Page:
Bass are still chasing shad up river. Try fishing spoons into the shad schools. They can also can be caught around vegetation in any of the backwater areas north of Hwy 43. Try using soft plastics around the edges of the vegetation leading into deeper water. Crankbaits can be used in areas where the backwater meets the channel. Be sure to match your bait with the depth you are fishing. Parts of the upper river channel are relatively deep, so some areas will require deep-diving baits to be successful.
Crappie can be caught trolling the edge of the river channel with minnows or jigs. Also, try fishing deeper tops using jigs.
Bream can be caught on crickets and redworms in the backwater areas.
Catfish are typically caught on the flats tightlining cutbait. Jugs are another popular method.
Bass can be caught fishing crankbaits and rattle traps off the rocks of the spillway and causeway. Target ledges of creek channels with spinnerbaits as well. The old lake above the S-curve holds some fish this time of year. Try fishing plastics slowly along the edge of the lake.
Crappie can be caught under the bridge at Hwy 43 and along the channel below trolling minnows or jigs. Also, try targeting old timber in the main lake with jigs fishing 10-12 feet deep.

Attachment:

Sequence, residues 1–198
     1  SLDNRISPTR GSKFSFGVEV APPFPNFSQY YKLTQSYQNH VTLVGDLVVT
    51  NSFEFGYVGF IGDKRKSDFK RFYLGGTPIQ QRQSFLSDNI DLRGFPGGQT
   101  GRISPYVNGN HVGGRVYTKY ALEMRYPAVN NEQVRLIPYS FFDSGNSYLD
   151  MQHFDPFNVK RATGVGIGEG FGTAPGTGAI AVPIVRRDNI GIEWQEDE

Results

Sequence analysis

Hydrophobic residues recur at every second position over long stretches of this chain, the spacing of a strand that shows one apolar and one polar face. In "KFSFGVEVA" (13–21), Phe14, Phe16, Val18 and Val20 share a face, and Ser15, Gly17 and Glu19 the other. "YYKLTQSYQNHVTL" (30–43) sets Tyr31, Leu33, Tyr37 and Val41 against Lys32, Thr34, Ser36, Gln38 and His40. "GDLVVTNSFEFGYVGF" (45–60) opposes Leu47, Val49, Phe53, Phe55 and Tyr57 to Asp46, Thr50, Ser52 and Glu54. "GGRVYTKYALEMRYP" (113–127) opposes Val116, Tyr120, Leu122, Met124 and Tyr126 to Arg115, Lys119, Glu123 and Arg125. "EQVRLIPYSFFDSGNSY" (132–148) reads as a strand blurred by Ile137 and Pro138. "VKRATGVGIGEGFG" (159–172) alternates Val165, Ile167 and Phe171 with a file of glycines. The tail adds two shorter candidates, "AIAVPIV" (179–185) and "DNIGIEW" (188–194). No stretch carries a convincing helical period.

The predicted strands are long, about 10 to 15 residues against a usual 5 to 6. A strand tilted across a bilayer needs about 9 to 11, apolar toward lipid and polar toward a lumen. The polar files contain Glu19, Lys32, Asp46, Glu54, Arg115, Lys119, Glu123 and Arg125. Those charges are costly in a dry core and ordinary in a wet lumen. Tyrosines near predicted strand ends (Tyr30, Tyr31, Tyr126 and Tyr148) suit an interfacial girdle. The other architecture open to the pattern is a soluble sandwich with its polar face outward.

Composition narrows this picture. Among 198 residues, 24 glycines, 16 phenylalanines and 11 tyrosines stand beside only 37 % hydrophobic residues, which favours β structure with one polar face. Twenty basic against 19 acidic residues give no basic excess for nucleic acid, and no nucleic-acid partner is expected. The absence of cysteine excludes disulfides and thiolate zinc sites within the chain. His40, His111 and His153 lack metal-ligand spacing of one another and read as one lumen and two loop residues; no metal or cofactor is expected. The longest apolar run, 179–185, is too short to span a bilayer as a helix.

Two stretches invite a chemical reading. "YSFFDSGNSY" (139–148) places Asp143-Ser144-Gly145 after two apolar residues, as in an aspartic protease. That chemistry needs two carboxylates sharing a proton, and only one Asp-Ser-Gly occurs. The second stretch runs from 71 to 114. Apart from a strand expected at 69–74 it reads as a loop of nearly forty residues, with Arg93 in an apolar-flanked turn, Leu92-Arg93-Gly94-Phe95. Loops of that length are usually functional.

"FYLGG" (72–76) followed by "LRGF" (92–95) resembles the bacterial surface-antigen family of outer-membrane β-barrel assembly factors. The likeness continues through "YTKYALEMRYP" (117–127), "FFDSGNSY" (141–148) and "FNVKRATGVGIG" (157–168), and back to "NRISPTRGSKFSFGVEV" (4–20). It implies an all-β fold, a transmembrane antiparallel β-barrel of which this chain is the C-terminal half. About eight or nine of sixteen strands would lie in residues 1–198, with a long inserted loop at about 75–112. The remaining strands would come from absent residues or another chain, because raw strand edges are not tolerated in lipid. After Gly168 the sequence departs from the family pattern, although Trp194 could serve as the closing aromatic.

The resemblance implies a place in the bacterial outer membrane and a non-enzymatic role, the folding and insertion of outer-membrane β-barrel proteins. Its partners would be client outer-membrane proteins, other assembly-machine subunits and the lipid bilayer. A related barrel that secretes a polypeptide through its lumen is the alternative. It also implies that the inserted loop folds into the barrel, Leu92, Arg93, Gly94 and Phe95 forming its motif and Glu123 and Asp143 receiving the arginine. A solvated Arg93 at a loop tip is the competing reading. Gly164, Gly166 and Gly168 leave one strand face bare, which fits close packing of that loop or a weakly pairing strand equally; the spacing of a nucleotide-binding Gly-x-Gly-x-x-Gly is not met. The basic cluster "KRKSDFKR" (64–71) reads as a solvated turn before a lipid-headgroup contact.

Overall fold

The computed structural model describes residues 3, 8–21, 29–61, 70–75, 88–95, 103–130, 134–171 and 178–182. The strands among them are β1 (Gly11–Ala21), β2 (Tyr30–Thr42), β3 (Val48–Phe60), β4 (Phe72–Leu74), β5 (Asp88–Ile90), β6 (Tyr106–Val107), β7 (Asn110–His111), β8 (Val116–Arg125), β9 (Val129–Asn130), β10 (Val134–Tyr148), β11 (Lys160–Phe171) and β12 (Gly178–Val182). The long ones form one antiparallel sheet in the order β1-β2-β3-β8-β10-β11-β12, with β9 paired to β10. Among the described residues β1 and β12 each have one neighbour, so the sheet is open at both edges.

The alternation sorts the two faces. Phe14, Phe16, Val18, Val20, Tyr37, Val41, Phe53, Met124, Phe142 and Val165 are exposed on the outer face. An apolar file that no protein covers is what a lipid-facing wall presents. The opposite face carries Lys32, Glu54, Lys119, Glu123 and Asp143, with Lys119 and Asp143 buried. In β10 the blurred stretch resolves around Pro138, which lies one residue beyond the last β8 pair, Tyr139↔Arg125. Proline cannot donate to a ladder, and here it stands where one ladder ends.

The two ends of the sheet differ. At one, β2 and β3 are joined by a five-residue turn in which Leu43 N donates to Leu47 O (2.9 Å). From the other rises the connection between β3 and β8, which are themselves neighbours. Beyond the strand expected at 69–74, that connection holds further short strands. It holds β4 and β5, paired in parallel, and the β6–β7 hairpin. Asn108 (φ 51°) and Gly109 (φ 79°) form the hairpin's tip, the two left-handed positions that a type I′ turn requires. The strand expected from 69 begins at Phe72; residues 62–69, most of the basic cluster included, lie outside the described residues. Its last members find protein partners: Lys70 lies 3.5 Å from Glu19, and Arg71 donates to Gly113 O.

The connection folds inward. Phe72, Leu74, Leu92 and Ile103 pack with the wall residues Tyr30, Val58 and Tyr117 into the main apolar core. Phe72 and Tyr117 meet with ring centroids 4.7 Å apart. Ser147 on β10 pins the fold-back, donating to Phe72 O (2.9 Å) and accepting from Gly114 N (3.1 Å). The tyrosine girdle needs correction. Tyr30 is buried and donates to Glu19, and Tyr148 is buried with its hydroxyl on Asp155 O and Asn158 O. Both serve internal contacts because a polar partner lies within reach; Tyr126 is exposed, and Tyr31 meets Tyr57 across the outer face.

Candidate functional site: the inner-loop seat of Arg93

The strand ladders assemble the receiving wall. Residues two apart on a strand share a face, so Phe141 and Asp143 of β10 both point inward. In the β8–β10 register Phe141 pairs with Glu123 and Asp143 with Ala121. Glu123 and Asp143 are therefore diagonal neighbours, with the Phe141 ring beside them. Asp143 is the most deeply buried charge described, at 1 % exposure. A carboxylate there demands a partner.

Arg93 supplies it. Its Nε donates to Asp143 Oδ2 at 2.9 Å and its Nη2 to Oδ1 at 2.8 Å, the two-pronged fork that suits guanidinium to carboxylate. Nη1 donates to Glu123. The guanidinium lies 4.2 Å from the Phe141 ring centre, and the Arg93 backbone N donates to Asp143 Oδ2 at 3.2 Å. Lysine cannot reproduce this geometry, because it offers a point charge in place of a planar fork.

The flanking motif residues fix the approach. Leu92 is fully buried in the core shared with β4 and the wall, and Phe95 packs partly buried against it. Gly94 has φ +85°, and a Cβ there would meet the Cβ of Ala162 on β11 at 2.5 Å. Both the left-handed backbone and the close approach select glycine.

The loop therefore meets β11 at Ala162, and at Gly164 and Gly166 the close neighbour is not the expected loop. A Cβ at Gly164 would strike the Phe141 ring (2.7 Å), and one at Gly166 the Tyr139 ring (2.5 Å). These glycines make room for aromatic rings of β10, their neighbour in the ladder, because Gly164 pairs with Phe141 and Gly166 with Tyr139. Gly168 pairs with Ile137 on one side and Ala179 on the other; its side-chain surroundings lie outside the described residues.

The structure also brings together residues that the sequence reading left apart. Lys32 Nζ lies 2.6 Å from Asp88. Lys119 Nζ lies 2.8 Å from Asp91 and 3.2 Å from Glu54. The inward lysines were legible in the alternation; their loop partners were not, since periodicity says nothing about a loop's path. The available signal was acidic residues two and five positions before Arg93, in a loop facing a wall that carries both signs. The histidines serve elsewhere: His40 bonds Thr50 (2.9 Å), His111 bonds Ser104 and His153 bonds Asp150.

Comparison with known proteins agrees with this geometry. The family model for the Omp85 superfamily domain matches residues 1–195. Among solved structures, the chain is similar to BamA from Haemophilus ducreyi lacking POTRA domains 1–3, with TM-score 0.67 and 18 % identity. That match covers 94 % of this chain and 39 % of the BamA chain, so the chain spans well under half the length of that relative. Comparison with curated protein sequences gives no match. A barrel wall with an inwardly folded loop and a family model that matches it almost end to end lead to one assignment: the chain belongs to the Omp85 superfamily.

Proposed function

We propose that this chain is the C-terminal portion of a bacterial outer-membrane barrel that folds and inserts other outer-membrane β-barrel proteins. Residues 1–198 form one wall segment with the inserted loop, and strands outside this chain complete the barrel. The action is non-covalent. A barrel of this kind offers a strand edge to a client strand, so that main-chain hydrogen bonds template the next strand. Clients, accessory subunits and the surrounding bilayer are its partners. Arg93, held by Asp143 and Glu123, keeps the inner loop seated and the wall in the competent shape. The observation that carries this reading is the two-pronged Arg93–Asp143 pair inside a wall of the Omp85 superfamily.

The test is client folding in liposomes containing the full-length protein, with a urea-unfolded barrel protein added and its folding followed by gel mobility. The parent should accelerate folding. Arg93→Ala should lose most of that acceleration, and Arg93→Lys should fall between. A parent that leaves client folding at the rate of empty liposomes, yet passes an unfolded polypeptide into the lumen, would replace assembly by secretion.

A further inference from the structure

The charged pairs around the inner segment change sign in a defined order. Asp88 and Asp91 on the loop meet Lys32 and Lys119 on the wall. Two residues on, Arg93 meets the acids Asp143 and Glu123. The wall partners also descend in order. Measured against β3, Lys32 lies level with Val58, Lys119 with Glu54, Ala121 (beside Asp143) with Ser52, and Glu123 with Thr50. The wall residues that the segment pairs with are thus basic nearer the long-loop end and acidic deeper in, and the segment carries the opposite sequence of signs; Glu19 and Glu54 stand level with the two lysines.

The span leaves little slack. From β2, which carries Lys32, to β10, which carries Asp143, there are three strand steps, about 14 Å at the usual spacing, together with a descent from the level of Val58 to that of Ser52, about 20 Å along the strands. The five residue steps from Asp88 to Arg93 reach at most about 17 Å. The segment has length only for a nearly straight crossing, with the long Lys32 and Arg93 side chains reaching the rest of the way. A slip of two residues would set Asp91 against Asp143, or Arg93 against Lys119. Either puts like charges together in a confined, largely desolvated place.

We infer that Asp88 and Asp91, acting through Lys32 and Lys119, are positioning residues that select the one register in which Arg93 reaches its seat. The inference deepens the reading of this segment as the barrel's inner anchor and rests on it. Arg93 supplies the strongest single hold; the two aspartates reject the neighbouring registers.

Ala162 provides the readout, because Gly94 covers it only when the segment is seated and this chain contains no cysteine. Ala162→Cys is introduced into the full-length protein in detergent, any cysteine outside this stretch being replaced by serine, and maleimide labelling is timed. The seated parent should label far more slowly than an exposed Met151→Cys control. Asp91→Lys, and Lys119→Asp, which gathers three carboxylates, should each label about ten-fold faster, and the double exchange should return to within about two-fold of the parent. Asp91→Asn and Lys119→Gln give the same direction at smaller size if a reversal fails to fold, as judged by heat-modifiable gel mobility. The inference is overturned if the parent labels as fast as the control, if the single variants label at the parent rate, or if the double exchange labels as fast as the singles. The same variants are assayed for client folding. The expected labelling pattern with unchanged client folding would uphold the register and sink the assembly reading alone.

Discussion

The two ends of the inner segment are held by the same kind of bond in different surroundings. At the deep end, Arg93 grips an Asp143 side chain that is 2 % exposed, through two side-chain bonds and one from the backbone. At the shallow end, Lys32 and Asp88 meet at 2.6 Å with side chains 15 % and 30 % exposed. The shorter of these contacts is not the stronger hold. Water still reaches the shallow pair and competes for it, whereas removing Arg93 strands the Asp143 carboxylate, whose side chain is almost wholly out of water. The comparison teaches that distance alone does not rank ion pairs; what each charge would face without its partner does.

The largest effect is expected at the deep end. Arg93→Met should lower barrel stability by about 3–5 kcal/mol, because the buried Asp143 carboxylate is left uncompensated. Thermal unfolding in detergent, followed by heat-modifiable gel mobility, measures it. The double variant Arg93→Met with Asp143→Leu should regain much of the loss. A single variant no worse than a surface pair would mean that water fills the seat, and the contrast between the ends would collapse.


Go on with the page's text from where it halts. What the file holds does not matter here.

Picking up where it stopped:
Bream can be caught around the vegetation with crickets and redworms.
Catfish can be caught tightling cutbait, worms, or stinkbait on the bottom.
Bass can be caught by fishing frogs and flukes around the edges of pads that lead into deeper water. In the afternoon, fish crankbaits or rattletraps off the rocks of the causeway. Soft plastics can be used on channel ledges in deeper water.
Crappie can be caught by trolling minnows or jigs in 8-10 ft. of water along the channel. Also, target any old timber and try different depths using minnows.
Bream can be caught in the coves around boat houses and underneath piers.
Catfish can always be caught tightling worms, cutbait or stinkbait in the Bay.
Area water levels can be checked here: http://waterdata.usgs.gov/ms/nwis/current/?type=flow